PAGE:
BY KYLE MARTIN
Daily Post Staff Writer
The Palo Alto Police Department is withholding body camera footage of a police dog attack of an innocent Mountain View man at his home, though state law requires the release of such a video. City Council is scheduled to discuss the attack for the first time in closed session tonight (March 15).
Two laws, Assembly Bill 748 and Senate Bill 1421, require police departments to release body-camera footage of any any incident of alleged officer misconduct or “use of force.”
The Post requested videos of the attack by a Palo Alto police dog on Mountain View resident Joel Domingo Alejo, who filed a $20 million legal claim against the cities of Palo Alto and Mountain View, their police departments and Palo Alto police officer DuJuan Green.
The June 25 incident happened in Alejo’s backyard on Elsie Avenue in Mountain View, but Mountain View police borrowed a Palo Alto police dog.
The laws require the release of the video within 45 days of the incident.
But the Palo Alto Police Department’s records keeper, Lisa Scheff, said in a response to the Post’s request for the video that the department can withhold it because of an exception in the state open records law. However, the laws don’t say anything about such an exception.
It happened before
It’s not the first time Palo Alto police have tried to prevent the release of police body-cam video despite the passage of AB748 and SB1421.
The Post struggled for months last year to get the video of police Agent Thomas DeStefano violently arresting and injuring Julio Arevalo on July 10, 2019, outside Happy Donuts at 3916 El Camino Real in Palo Alto.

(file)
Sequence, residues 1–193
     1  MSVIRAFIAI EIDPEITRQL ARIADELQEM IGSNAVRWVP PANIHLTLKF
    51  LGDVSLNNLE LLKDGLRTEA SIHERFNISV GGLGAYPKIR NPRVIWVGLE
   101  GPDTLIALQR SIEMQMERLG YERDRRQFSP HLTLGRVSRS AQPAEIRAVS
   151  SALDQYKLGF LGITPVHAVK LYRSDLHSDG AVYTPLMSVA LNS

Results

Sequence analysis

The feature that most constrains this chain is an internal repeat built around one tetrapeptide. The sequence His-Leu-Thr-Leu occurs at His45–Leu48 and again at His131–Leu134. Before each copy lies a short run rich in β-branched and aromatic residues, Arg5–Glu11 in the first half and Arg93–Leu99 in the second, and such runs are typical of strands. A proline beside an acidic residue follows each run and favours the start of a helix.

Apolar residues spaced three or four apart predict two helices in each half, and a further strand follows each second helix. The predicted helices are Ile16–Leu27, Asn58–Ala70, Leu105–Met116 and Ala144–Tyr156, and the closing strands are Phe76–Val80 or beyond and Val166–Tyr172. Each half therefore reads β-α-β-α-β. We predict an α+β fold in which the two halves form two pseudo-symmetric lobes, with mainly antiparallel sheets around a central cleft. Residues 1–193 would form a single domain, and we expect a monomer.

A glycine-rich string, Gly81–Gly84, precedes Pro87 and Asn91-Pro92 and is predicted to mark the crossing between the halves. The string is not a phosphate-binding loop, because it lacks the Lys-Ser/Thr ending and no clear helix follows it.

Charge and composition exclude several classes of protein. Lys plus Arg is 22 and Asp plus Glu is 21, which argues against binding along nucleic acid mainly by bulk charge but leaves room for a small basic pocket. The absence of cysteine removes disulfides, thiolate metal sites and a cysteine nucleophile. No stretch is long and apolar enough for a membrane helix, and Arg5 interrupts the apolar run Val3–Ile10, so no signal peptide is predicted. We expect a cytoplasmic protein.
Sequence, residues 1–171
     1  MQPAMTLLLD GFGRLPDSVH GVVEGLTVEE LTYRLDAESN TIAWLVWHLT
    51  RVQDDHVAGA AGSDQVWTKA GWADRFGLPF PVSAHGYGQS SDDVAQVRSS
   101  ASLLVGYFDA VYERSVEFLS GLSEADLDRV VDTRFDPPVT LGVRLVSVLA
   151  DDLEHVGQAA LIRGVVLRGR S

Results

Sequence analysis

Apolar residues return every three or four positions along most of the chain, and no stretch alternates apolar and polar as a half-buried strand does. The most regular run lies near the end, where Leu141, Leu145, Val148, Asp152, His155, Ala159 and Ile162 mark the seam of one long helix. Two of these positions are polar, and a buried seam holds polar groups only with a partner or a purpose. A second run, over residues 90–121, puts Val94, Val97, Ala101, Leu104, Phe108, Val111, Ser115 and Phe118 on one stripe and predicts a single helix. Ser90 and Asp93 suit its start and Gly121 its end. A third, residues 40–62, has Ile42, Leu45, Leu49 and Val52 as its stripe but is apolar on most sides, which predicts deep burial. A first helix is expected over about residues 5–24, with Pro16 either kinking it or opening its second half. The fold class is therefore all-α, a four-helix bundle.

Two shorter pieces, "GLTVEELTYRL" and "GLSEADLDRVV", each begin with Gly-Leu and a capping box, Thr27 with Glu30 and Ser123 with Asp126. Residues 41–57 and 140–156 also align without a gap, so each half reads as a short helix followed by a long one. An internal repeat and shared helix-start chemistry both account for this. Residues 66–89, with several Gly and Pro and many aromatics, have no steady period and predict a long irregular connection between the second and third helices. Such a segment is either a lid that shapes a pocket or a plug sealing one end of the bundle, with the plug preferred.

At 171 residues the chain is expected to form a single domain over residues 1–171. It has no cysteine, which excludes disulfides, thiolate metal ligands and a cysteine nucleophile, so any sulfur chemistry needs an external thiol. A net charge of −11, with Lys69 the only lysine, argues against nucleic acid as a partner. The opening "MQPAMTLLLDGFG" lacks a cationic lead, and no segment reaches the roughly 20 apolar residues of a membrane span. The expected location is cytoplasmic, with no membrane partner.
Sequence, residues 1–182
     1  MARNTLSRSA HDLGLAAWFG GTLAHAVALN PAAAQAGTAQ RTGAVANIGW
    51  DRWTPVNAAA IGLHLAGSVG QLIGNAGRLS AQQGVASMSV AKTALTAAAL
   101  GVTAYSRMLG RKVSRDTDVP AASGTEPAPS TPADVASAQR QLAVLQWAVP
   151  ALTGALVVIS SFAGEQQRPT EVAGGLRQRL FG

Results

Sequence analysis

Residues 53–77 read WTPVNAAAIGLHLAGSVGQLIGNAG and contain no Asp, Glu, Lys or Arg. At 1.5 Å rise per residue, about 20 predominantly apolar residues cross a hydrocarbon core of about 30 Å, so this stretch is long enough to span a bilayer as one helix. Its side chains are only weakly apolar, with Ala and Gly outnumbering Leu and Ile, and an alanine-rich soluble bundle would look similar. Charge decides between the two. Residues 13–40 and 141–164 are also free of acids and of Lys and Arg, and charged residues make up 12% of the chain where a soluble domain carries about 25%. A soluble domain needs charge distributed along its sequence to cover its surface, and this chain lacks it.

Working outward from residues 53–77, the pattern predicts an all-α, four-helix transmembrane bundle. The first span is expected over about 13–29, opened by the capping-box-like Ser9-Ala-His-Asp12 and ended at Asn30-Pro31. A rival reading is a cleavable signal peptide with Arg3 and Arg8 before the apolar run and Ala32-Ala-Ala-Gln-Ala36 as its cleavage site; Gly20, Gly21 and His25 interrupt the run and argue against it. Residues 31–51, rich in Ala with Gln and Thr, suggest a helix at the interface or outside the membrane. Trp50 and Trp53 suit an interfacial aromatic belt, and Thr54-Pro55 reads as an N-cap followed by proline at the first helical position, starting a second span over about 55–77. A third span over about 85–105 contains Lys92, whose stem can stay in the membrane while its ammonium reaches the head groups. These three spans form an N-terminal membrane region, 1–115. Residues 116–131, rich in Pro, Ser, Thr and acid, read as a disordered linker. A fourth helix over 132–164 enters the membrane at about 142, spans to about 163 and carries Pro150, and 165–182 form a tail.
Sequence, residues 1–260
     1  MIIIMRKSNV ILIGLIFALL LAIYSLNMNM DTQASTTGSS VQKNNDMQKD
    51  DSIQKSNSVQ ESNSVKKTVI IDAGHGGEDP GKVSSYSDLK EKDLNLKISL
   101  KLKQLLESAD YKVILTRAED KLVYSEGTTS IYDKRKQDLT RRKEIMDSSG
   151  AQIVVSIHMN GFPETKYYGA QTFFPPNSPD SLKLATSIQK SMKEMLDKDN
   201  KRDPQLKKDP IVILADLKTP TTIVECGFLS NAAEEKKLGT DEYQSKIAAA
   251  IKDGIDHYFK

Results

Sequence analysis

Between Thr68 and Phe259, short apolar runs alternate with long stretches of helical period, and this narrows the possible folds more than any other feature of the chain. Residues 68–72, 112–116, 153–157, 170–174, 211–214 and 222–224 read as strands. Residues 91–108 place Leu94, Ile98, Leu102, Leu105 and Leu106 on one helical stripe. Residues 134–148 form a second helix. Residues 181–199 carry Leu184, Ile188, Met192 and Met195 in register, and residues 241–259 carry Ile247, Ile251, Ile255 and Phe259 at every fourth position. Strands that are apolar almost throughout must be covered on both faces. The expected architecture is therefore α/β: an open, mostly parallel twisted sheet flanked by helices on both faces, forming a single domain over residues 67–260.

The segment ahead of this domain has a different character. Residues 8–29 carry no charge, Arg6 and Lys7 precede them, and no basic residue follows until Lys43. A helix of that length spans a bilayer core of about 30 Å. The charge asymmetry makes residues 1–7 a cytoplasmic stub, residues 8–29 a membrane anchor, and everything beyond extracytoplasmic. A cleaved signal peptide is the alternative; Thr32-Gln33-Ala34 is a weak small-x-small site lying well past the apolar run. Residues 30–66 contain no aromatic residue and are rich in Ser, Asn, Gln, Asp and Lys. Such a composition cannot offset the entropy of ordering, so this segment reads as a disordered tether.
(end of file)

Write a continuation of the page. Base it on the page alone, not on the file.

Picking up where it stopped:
The Post first asked for the video on Jan. 10, 2020, but Scheff cited the same government code to halt the release of the footage a number of times until finally releasing the footage 161 days later.
Arevalo is suing the city for $10 million because the arrest by DeStefano left him with a broken bone in his eye socket and extensive hospital bills.
Police said the Alejo attack was a case of mistaken identity, and the Santa Clara County District Attorney’s office said it will not press charges against any of the officers involved in the dog attack.
The attack left cuts on Alejo’s leg, caused him “emotional distress, fear, terror, anxiety, humiliation, loss of sense of security, dignity and pride, punitive damages, extreme pain,” bleeding, bruising and more, according to Alejo’s claims.
Council urged to view the video
In a Feb. 21 letter to council, Palo Alto resident and retired public defender Aram James told council members he wants them to see the footage when they discuss the attack in closed session.
He also said the city should consider settling Alejo’s $20 million claim because it “may in fact be a reasonable settlement when compared with what a civil jury may reward after a jury trial.”
“If video footage, body-worn camera footage, is available, the council should watch (it) and consider how this potential evidence might impact a potential juror in the civil matter,” James wrote. “If no video footage is available you might want to ask the police chief and city attorney where the footage is.”
Correction: A earlier version of this story in the print edition of the Daily Post gave the wrong bill numbers. This version has been corrected.